Yeah, I think it’s one step. I think it’s all these different women speaking out in their own ways and it’s a many pronged attack. You need the legal case, you need women speaking out at high-profile events: whether it’s the Oscars, the Golden Globes, or Cannes. I don’t think there’s one answer or else it would have been solved, but it takes women speaking out in all these environments to keep the pressure on. I’m so grateful to women like Frances McDormand or Natalie Portman or Jessica Chastain at Cannes. You can’t underestimate how much political capital it takes for them to make those statements. They’re in rooms full of people they are hired by and who they need to charm to get their next opportunity – so, it’s just so badass.
What were the most important films for you when making the doc and in your own personal journey?
I would say Half The Picture shouts out a lot of them, so there’s not really one or two in particular. But so many of the women in the film are people I’ve admired in films I’ve loved forever. This film was an opportunity to recognise that work a lot of these women are so talented and their names don’t get mentioned in the cannon of best directors: so, it was a way of resurrecting their work and reminding people of their talent. Part of that may be that so many people who write about film are men, so you hear the same male names being bandied about. But, you just look at a clip of Boys Don’t Cry or American Psycho or I Love You Basketball and you go: right, that was such a good movie! So, this was a really fun opportunity for me to showcase them.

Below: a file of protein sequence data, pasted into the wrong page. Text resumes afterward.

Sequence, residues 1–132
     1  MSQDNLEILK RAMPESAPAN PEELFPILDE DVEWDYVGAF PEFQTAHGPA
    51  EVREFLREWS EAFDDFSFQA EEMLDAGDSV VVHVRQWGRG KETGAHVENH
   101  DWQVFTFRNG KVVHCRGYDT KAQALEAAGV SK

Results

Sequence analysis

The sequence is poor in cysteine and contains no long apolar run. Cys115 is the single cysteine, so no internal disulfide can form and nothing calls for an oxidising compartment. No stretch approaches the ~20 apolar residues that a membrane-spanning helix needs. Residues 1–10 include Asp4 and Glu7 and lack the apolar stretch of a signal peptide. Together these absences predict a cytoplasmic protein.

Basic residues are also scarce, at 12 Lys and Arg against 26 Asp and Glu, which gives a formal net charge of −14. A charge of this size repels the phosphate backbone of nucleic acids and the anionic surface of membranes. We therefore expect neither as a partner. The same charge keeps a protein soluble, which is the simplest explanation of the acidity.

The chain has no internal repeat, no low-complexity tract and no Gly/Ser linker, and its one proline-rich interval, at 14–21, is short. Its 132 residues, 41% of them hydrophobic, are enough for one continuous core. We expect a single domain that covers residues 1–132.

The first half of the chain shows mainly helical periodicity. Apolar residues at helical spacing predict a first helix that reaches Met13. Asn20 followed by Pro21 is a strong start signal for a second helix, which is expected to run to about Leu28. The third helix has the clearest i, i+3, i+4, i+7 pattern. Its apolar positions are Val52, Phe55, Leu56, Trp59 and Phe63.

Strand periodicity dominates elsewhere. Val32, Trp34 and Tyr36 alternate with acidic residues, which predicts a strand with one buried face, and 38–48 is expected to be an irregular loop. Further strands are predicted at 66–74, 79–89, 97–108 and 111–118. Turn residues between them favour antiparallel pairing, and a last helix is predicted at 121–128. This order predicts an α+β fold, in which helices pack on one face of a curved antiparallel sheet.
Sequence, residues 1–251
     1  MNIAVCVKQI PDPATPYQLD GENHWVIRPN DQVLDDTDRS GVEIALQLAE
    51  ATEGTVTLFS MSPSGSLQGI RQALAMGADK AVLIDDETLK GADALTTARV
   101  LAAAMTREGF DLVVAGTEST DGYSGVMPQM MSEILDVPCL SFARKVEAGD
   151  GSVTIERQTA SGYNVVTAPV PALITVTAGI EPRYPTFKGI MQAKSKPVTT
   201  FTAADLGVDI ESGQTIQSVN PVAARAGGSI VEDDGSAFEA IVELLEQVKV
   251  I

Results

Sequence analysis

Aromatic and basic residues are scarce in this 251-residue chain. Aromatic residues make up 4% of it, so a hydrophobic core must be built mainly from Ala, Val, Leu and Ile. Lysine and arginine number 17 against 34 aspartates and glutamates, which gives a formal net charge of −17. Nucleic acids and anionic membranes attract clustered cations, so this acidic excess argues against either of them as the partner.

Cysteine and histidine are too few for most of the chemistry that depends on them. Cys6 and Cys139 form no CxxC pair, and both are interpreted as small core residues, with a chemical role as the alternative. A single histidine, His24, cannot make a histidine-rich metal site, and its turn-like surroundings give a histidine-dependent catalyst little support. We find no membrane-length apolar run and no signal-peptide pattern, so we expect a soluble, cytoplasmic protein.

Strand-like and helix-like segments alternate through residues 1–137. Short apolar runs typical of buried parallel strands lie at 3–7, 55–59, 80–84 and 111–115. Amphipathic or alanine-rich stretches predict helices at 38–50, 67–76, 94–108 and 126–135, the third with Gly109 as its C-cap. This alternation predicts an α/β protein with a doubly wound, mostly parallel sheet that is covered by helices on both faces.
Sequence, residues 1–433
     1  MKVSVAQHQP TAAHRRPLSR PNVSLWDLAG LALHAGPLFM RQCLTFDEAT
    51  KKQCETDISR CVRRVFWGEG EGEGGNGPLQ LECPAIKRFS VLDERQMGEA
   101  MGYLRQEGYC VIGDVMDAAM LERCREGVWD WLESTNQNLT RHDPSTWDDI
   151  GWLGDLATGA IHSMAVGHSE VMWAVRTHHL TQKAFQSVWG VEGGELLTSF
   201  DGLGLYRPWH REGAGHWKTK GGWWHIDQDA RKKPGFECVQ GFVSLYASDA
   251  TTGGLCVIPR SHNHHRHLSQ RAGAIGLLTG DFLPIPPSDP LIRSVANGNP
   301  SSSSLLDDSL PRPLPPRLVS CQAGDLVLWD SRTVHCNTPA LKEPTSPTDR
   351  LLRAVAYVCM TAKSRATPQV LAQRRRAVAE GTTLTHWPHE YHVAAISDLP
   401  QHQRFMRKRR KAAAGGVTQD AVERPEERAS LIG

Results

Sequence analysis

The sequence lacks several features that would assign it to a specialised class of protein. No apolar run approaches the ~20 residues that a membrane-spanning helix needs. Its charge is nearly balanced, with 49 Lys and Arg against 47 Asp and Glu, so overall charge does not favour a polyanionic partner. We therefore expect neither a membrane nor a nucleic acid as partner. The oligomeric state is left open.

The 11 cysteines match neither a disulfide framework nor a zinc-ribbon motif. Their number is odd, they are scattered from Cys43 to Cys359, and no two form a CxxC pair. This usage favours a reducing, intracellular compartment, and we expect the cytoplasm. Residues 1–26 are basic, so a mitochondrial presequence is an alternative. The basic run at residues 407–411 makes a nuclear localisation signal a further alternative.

Where do you think this has led you – what’s next for you?
I want to make a narrative film next about a high school girls’ basketball team, so something very different. I feel like it’s, not selfish but, any one story isn’t indicative of a larger change, but I have to say this film has been transformative for me – I’ve learnt so much and been really inspired talking to them and it’s such a privilege to be able to share this film with the world.
Half the Picture premiered at Sundance London and won a special #WhatNext prize. It screens again Sunday 10th June at 3pm, for tickets click here. Watch the trailer below now.